The sawfish, a member of the ray family, is characterized by its long, flat, toothy snout — called a rostrum — which resembles a saw. In the western portion of the Atlantic Ocean, there are two varieties: smalltooth and largetooth. It belongs to the subclass elasmobranchii, a group of fishes including sharks and skates that have skeletons composed of cartilage instead of bone. Like a stingray, its gills are located on its flat underside, along with its mouth and nostrils.
In 2010, seven species of sawfish were recognized in the world. Found in shallow coastal waters in tropical and subtropical areas, it adapts equally well to fresh and salt water. It is a member of the family Pristidae, from the Greek word pristēs, meaning "saw." As a result of residing in murky waters, its eyesight never fully developed. Its rostrum evolved heightened senses to aid in catching food and providing protection.
Food is caught by hovering above the floor bed, where it hones in on its prey. When the sawfish detects morsels like snails and shrimp, it digs them up with the rostrum. It also hunts by moving the blade from side to side, slicing through schools of small fish. The fish are first stunned then devoured; during the process, some are impaled on the saw teeth.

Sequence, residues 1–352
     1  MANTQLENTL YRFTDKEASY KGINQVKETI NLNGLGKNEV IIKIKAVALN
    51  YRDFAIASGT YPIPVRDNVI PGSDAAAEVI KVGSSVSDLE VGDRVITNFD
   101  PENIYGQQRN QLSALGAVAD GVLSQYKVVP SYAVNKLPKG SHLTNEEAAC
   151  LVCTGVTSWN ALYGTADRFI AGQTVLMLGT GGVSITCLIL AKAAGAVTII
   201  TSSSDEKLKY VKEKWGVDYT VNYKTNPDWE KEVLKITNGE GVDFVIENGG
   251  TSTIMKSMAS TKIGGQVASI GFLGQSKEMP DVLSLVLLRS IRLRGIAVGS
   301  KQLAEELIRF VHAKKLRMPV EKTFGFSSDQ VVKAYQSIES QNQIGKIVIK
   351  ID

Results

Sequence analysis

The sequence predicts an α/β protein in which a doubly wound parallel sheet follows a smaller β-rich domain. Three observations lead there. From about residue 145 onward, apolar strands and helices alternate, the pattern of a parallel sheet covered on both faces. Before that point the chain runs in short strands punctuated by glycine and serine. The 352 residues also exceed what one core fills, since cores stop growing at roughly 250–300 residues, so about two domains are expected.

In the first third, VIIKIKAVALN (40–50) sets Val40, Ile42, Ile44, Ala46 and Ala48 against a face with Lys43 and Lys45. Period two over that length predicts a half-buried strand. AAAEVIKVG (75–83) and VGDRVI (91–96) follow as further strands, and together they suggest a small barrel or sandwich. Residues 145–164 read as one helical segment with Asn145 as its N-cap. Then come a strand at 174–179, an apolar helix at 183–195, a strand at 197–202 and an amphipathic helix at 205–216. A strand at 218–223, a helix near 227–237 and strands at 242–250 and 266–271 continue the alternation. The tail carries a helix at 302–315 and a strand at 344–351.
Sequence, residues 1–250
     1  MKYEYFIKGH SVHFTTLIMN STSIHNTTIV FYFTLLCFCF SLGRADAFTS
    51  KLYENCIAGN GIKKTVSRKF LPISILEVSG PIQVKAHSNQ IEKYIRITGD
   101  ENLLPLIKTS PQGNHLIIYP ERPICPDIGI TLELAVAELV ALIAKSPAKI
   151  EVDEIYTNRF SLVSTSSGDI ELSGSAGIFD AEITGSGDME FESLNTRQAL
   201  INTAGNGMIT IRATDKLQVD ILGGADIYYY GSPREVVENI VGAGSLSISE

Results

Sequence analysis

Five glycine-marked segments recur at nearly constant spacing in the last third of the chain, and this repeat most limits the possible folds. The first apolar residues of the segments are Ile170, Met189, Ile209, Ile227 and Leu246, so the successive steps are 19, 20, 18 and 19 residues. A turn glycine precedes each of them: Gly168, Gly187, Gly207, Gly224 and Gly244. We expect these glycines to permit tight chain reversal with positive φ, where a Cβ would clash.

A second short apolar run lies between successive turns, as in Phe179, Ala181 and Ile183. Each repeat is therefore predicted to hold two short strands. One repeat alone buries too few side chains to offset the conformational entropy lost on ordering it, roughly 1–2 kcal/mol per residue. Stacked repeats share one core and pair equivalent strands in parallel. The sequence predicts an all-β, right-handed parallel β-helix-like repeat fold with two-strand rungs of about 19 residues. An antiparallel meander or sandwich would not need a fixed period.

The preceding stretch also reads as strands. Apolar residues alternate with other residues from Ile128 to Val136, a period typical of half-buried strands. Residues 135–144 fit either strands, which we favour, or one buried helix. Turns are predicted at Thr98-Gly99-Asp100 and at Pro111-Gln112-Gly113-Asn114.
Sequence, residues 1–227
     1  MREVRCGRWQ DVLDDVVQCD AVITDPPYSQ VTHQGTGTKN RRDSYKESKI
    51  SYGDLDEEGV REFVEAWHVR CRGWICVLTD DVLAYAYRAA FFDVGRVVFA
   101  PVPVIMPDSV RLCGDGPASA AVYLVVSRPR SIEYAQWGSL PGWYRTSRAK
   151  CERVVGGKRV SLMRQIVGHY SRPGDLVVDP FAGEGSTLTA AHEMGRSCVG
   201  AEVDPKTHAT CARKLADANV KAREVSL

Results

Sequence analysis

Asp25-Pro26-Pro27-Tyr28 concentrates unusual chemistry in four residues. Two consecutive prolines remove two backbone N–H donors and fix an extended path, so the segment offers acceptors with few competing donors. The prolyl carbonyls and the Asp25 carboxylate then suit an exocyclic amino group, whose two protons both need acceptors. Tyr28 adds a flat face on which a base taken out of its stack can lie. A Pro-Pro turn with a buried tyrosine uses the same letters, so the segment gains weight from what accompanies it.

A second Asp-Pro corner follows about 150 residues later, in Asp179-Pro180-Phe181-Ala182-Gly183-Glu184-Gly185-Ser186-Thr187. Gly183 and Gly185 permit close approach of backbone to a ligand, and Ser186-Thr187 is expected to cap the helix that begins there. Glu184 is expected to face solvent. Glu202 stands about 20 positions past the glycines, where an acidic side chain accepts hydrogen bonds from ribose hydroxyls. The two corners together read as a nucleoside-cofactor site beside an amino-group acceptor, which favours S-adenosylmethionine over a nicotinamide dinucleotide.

Not known to be aggressive, if it feels threatened, the sawfish will utilize the rostrum in defense. Throughout history, the saw has been used in various cultures for weapons, decoration, and in tool-making. Whole saws were sometimes used as offerings in religious ceremonies.
Smalltooth sawfish are ovoviviparous, meaning the mother holds the eggs inside until she is ready to give birth to live fish, called pups. This process produces fewer babies, about eight on average, which grow at a slower rate and take longer to mature. This lower reproductive rate contributed to making the species vulnerable to overfishing. Other factors include expansive coastal development and environmental pollution, which drastically affected the areas in which young fish would hide.
For these reasons, on 1 May 2003, the U.S. granted federal protection to smalltooth sawfish under the Endangered Species Act. Largetooth sawfish were declared an endangered species in May 2010, making it illegal to harm, kill, trade, or possess any and all parts of a sawfish in the U.S. The 2011 World Conservation Union's (IUCN) Red List of Threatened Species included all seven sawfish species.